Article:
As for advertising, I plan on having at least a basic website. I professional lettered or wrapped van. Should I get business cards? I'm moving to a state where I know absolutely no body.

Anything else I'm forgetting for starters?
 

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Absolutely and stickers also, pm Master Plumber Mark, about the stickers you want people to Remember
who you are after you are out of sight, I was known as the person that give out the most cards,
for ever 10 you give out one person will call, for ever 10 people that call you will get a job,
 

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There's no reason to Overstock your truck if you're going to be in the service industry. I've seen guys go out and purchase thousands and tools and thousands of dollars of material. And never use any of it. Start off small and easy. When you need the tool purchase the tool. In the beginning when you're going out giving estimates if you have to run to the supply house purchase double the amount of parts. Let the job pay for it in the beginning. That material that's on your truck lives rent-free and the more of that material you have the more gas you spend to drive it around. I keep a very small selection of fittings. Two of each size fernco. Two garbage disposals and two sump pumps. A 10 ft length of each size pipe.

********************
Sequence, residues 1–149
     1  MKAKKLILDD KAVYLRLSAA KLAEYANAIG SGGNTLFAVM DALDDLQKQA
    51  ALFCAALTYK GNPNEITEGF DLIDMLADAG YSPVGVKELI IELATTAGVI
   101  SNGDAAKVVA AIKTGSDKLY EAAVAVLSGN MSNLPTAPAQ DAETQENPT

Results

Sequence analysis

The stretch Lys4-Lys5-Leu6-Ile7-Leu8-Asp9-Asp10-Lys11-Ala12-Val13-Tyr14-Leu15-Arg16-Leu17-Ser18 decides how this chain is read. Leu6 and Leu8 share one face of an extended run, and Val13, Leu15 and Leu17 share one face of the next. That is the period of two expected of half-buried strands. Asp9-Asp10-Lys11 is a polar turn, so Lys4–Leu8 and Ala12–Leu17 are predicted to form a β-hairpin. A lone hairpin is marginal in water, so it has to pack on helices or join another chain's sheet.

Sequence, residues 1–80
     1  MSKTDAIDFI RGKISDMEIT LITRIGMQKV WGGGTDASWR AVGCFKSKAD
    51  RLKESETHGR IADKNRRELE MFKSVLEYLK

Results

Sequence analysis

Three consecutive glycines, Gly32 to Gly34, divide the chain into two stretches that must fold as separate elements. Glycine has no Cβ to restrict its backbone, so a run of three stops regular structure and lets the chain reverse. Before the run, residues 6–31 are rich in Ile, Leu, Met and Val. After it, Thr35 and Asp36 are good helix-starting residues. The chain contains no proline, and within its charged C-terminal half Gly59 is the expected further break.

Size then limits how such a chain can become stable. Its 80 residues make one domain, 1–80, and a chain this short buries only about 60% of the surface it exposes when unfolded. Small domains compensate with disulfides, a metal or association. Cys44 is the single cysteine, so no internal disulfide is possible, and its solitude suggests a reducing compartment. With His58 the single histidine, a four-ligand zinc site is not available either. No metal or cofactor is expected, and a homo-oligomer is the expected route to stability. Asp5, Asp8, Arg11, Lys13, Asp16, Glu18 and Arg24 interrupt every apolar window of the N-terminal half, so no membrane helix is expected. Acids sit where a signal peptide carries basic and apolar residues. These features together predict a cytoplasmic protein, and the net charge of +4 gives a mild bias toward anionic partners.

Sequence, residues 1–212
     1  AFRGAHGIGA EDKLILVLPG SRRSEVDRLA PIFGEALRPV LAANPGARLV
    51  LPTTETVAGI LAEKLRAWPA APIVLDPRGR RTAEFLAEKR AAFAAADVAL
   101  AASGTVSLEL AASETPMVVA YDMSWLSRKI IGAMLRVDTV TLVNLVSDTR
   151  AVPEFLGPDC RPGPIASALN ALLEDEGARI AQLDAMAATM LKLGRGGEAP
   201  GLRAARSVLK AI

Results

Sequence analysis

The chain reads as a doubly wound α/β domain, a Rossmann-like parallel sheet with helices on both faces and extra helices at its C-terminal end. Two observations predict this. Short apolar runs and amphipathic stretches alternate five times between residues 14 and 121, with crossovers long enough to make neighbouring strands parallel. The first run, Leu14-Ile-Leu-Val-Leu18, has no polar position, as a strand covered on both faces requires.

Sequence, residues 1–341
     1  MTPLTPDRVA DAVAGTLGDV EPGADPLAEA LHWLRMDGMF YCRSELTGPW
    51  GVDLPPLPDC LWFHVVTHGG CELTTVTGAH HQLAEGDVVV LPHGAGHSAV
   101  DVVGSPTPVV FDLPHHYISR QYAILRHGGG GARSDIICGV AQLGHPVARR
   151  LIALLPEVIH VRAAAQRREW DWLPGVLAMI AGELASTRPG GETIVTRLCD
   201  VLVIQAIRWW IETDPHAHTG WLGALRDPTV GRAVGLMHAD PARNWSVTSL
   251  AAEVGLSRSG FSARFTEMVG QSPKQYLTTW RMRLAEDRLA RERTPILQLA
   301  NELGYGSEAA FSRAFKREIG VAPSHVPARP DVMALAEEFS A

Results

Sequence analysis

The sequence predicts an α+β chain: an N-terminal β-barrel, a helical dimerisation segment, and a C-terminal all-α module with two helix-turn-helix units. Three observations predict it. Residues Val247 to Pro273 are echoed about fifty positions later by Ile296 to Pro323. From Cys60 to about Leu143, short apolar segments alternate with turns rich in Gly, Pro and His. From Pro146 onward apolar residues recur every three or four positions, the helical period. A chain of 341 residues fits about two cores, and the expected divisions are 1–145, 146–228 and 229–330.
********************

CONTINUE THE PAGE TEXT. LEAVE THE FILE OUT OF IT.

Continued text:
When I go to Home Depot I purchase more material than I need. I have a Home Depot bucket that I put all the extra material in in once a month I go back to Home Depot and return the material and have them put the money on a Home Depot card so I can buy tools or anything else that I desire. That material of course was attached to the job so I'm not taxed on it and of course tools are right off